Electrical Engineering -- Undergraduate Program

The following describes the undergraduate electrical engineering program for students who enter Fall 2021 or later. For those who started the program before Fall 2021 see the previous undergraduate program.

Basic engineering courses along with core math, science and humanities courses are taken in the first and second years. Students are strongly encouraged to meet with a departmental faculty advisor as early as possible, preferably in the first year.

The foundation of electrical engineering in the curriculum is based on these three courses:

Gateway Courses: (9 credits)

ECE150 (F/S) Digital Logic Design 3 credits

ECE240 (F) Circuit Analysis 3 credits

ECE211 (S) Signal Processing 3 credits

In particular, students take ECE150 Digital Logic Design in their first year. It provides an introduction not only to the subject matter but also an early laboratory and design experience. Also, EE students take a C based programming course (ECE160) in their first year. Both ECE150 and ECE160 run in the fall and spring semesters.

From the second through the fourth year, students take a sequence of projects courses totaling 12 credits. Students following either track take these projects courses together, in order to foster interaction and multi-disciplinary work. The Electrical Engineering curriculum does not contain standard laboratory courses- these are project courses. That is, students do not perform prepackaged, rote experiments, but instead develop innovative designs, solve open-ended problems, and investigate topics not covered in required courses. The EE senior design courses are open only to students majoring in Electrical Engineering. Students in other majors may work with electrical engineering students on interdisciplinary projects, but they register for the capstone design project courses in their major, or EID362/363 Interdisciplinary Projects.

Sophomore, Junior & Senior Projects Courses: (12 credits)

ECE291 (F) Electrical Engineering Sophomore Projects 1 credit.

ECE393 (F) Electrical Engineering Junior Projects I 2 credits.

ECE394 (S) Electrical Engineering Junior Projects II 3 credits

ECE395 (F) Electrical Engineering Senior Projects I 3 credits

ECE396 (S) Electrical Engineering Senior Projects II 3 credits

In addition to the courses listed above, the following courses are taken by all students, regardless of the chosen track. These courses (with the exception of the general studies electives noted below) should be completed during the first two years of study:

Basic Math, Science & Engineering Courses: (32.5 credits)

MA110 (F) Introduction to Linear Algebra 2 credits

MA111 (F) Calculus I 4 credits

MA113 (S) Calculus II 4 credits

MA223 (F/S) Vector Calculus 2 credits

MA224 (F/S) Probability 2 credits

MA240 (F/S) Ordinary & Partial Differential Equations 3 credits

CH110 (F) General Chemistry 3 credits

CH111 (S) Chemistry Laboratory 1.5 credits

PH112 (S) Physics I (Mechanics) 4 credits

PH213 (F) Physics II (Electromagnetic Phenomena) 4 credits

PH214 (S) Physics III (Optics & Modern Physics) 3 credits

PH291 (F) Introductory Physics Laboratory 1.5 credits

EID101 (F) Engineering Design & Problem Solving 3 credits

Technical Electives: (15 credits)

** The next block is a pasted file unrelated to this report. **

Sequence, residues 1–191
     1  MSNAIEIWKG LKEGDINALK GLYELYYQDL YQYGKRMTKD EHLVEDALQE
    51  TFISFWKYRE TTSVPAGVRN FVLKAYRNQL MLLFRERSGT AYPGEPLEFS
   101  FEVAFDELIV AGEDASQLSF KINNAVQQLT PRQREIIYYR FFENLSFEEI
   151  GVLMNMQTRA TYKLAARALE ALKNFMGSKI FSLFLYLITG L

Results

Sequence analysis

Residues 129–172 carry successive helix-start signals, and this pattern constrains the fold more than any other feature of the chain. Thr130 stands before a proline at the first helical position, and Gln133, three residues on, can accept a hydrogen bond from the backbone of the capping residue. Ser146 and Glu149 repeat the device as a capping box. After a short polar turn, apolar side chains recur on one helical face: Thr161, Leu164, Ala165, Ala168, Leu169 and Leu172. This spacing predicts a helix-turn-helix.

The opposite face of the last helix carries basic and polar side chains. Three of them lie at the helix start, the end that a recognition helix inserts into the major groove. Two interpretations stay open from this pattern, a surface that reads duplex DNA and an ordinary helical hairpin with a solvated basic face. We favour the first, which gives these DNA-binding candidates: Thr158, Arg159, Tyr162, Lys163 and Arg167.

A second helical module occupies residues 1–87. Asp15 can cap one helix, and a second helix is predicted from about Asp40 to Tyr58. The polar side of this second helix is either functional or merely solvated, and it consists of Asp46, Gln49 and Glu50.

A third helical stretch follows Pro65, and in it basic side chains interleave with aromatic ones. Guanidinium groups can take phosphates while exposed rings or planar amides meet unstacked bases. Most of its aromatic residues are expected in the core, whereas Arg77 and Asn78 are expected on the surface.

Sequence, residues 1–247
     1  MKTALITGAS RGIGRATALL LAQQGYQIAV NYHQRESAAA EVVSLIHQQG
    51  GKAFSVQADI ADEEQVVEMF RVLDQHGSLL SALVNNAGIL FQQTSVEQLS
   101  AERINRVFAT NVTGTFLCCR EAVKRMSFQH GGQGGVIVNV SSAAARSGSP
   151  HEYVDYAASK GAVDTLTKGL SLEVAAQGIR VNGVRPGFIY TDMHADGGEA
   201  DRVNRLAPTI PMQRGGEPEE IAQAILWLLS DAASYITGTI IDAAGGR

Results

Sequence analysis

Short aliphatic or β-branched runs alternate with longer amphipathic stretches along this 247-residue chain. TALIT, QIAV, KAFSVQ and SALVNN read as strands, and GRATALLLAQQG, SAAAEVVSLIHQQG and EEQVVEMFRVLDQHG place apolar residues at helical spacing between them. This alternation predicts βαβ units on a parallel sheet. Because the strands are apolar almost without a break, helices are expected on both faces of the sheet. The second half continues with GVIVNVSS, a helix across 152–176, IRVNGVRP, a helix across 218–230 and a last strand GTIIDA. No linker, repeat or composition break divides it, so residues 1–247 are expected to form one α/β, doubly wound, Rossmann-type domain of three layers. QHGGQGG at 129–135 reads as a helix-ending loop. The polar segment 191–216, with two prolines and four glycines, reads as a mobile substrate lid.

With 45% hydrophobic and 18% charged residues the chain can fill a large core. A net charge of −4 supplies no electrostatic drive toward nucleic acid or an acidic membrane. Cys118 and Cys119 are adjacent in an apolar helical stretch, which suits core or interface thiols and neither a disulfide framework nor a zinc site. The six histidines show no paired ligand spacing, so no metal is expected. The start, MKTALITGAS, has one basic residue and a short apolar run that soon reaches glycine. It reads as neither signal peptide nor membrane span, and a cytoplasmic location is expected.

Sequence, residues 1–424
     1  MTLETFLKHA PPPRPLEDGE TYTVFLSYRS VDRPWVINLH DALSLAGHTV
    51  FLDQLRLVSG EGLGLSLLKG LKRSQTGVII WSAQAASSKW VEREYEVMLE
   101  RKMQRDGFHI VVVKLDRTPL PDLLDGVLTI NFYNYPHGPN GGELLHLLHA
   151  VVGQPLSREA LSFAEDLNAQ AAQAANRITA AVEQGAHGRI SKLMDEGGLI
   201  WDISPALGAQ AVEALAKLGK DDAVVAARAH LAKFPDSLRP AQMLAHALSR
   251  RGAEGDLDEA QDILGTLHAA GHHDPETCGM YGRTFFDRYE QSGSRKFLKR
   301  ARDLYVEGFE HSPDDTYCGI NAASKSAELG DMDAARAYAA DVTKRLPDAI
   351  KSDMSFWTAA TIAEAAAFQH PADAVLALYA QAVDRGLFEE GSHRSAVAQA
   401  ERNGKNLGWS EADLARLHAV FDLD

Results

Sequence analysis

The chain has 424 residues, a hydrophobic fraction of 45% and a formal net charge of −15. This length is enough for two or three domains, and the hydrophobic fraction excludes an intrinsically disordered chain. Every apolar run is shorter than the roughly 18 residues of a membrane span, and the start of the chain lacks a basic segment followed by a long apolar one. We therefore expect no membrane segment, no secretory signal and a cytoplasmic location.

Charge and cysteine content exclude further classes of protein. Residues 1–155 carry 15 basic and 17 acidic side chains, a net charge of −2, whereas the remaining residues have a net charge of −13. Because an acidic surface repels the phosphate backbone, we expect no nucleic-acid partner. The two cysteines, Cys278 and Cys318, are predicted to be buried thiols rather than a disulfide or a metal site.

Most courses offered by the School of Engineering, other than those required for the EE degree, can be taken as “Technical Electives”. The term “Technical Elective” elsewhere may appear as “Engineering and Science”, but regardless this category includes courses in mathematical, computer science, and even other subjects such as entrepreneurship and finance, as long as the course is offered by the School of Engineering. Students in one EE track can take courses from the other track as technical electives. There are certain courses, however, that can be used free electives only (described below), not as technical electives. Other courses offered by the School of Engineering may count towards the Bachelor of Engineering degree, at all. These exceptions are found on Technical and Free Electives.

General studies: (24 credits)

HSS1, HSS2, HSS3, HSS4 Core Humanities & Social Sciences 12 credits

Electives in Humanities and Social Sciences 6 credits

Free electives: 6 credits

Most courses offered at The Cooper Union, including Art, Architecture, Humanities & Social Sciences as well as courses offered by the School of Engineering, qualify as “Free Electives.” There are a few exceptions, specifically courses that cannot be used towards the credits needed for the degree of Bachelor of Engineering. These exceptions include courses with significant overlap with required courses, and most math and science courses offered outside the School of Engineering.

Details about courses that cannot be used as free electives can be found at Technical and Free Electives.


  • Founded by inventor, industrialist and philanthropist Peter Cooper in 1859, The Cooper Union for the Advancement of Science and Art offers education in art, architecture and engineering, as well as courses in the humanities and social sciences.

  • “My feelings, my desires, my hopes, embrace humanity throughout the world,” Peter Cooper proclaimed in a speech in 1853. He looked forward to a time when, “knowledge shall cover the earth as waters cover the great deep.”

  • From its beginnings, Cooper Union was a unique institution, dedicated to founder Peter Cooper's proposition that education is the key not only to personal prosperity but to civic virtue and harmony.

  • Peter Cooper wanted his graduates to acquire the technical mastery and entrepreneurial skills, enrich their intellects and spark their creativity, and develop a sense of social justice that would translate into action.